Ecuador's President Rafael Correa has denied a British media report that his country had granted asylum to WikiLeaks founder Julian Assange.Correa said he would consult advisers on Wednesday before deciding.
Assange, 41, took refuge at Ecuador's London embassy in June to avoid extradition to Sweden over rape and assault claims, which he denies.
"The rumour of asylum for Assange is false. No decision has yet been taken. Awaiting report from the foreign ministry," Correa wrote on Twitter.
Assange fears being extradited to the US to face charges over WikiLeaks' publishing of a trove of secret documents, including information relating to the wars in Iraq and Afghanistan, and countless diplomatic cables.
Correa's statement came after Britain's Guardian newspaper said on its website on Tuesday that Ecuador was set to grant Assange asylum, citing an unnamed official in Quito.
"We see Assange's request as a humanitarian issue," the official told the Guardian.
"It is clear that when Julian entered the embassy there was already some sort of deal," the official added.
Assange faces re-arrest
On Monday evening, Correa told public broadcaster ECTV it was necessary to examine a great deal of material about international law in order to make an informed decision.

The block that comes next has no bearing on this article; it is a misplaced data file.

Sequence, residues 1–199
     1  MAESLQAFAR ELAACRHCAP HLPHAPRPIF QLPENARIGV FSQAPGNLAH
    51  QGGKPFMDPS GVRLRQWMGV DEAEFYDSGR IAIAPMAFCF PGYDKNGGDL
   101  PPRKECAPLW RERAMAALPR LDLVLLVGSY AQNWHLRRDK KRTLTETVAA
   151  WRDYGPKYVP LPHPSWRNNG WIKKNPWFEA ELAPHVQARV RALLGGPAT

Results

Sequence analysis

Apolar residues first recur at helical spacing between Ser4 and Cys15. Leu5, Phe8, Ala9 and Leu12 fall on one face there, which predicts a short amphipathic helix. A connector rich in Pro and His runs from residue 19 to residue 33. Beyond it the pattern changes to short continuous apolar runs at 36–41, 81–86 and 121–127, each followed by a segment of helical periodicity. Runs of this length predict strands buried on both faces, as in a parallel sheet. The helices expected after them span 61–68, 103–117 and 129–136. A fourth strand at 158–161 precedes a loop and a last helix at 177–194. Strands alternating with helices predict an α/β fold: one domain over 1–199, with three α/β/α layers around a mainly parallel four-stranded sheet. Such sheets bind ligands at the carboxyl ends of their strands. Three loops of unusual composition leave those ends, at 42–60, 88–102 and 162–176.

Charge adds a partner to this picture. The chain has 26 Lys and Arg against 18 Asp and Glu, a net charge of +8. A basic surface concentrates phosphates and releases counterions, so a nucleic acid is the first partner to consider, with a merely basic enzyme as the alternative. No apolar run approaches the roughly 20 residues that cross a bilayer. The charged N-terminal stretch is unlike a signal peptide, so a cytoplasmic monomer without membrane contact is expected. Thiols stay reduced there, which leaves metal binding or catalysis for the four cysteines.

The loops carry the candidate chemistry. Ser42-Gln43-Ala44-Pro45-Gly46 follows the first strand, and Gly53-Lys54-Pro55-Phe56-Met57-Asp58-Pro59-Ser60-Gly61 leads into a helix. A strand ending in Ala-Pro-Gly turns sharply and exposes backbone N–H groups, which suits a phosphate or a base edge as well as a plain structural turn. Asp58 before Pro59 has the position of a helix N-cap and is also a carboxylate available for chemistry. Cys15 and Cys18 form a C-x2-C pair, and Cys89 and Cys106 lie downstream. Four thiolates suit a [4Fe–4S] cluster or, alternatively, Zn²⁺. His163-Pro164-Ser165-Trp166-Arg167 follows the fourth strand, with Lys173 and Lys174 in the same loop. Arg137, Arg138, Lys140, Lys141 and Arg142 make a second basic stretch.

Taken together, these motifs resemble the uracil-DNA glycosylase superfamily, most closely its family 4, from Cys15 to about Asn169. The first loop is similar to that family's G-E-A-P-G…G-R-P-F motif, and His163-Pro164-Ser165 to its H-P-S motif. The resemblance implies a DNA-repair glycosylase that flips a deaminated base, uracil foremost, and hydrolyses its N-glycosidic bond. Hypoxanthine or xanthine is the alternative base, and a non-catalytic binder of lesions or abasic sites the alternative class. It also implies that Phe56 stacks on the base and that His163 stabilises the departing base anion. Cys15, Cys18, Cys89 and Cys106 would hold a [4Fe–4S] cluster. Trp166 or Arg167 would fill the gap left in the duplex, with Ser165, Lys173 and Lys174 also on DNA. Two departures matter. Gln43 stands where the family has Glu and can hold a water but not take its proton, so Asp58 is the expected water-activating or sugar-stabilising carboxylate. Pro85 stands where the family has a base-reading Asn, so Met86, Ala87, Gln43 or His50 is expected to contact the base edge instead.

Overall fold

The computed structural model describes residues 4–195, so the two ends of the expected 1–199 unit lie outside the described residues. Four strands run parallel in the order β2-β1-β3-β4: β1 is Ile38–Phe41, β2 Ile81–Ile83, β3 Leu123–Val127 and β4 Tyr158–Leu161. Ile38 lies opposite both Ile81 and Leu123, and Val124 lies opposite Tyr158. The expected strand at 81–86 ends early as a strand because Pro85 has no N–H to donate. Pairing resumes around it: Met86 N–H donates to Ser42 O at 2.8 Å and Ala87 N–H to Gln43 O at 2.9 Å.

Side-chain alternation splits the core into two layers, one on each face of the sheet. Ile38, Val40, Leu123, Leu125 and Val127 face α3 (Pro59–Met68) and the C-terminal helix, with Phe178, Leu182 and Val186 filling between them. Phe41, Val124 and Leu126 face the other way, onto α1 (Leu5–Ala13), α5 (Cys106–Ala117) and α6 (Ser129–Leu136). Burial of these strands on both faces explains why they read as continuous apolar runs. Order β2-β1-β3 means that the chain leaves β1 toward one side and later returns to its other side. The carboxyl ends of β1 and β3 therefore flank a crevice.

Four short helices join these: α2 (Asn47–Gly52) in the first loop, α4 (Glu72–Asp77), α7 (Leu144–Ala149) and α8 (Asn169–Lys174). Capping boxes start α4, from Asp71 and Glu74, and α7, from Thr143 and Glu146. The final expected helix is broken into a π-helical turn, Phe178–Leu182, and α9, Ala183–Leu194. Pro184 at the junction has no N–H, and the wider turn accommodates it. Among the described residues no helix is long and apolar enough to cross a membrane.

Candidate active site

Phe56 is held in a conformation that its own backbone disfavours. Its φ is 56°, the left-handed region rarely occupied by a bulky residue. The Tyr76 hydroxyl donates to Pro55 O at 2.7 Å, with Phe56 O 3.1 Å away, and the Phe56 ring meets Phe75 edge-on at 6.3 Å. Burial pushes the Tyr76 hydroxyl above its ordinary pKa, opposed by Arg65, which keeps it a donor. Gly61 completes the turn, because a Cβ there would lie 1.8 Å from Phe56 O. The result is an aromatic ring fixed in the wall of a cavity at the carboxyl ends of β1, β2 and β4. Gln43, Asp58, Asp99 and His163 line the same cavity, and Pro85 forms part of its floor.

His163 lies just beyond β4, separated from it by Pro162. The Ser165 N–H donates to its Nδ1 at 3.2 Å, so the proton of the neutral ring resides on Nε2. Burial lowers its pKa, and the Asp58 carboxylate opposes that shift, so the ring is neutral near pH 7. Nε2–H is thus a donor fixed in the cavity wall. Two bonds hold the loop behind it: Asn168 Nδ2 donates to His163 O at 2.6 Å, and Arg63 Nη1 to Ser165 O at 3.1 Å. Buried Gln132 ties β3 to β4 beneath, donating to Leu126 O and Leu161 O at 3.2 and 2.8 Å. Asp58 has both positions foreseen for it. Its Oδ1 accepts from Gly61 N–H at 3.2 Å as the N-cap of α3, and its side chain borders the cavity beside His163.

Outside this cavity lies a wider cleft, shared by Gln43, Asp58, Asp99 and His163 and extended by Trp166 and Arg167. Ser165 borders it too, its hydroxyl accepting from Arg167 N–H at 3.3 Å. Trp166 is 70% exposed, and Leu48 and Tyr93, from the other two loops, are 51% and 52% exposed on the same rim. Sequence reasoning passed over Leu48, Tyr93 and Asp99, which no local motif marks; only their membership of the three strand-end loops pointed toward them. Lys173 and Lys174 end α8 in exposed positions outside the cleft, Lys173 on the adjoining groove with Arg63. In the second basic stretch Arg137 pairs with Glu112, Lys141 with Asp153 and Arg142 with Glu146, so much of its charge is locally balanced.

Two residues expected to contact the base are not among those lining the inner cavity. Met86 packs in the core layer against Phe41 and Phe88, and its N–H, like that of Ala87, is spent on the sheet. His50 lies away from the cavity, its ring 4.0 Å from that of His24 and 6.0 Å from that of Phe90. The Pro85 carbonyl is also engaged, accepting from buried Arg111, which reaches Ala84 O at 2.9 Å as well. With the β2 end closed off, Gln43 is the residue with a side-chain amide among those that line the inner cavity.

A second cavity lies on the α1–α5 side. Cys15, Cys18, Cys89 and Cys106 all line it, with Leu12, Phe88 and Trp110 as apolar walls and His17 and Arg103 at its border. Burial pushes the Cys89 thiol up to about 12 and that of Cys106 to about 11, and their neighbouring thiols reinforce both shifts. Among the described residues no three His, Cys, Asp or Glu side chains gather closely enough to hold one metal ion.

"Hopefully this week we will be able to make a statement on the matter," he said.
Even if Assange's asylum request is granted, it is unclear whether he will be allowed to travel to Quito as British police are waiting outside the embassy ready to arrest him for breaching the terms of his bail granted in 2010.
He has embarked on a marathon round of court battles, but finally exhausted all his options under British law in June when the Supreme Court overturned his appeal against extradition.
In July it was revealed that Ecuador would allow the Swedish authorities to interview Assange at their London embassy.
Christine Assange, the mother of the WikiLeaks founder met with Correa earlier this month to discuss the fate of her son.
Correa has often been at odds with Washington and offered Assange asylum in 2010.
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|William A. Cook|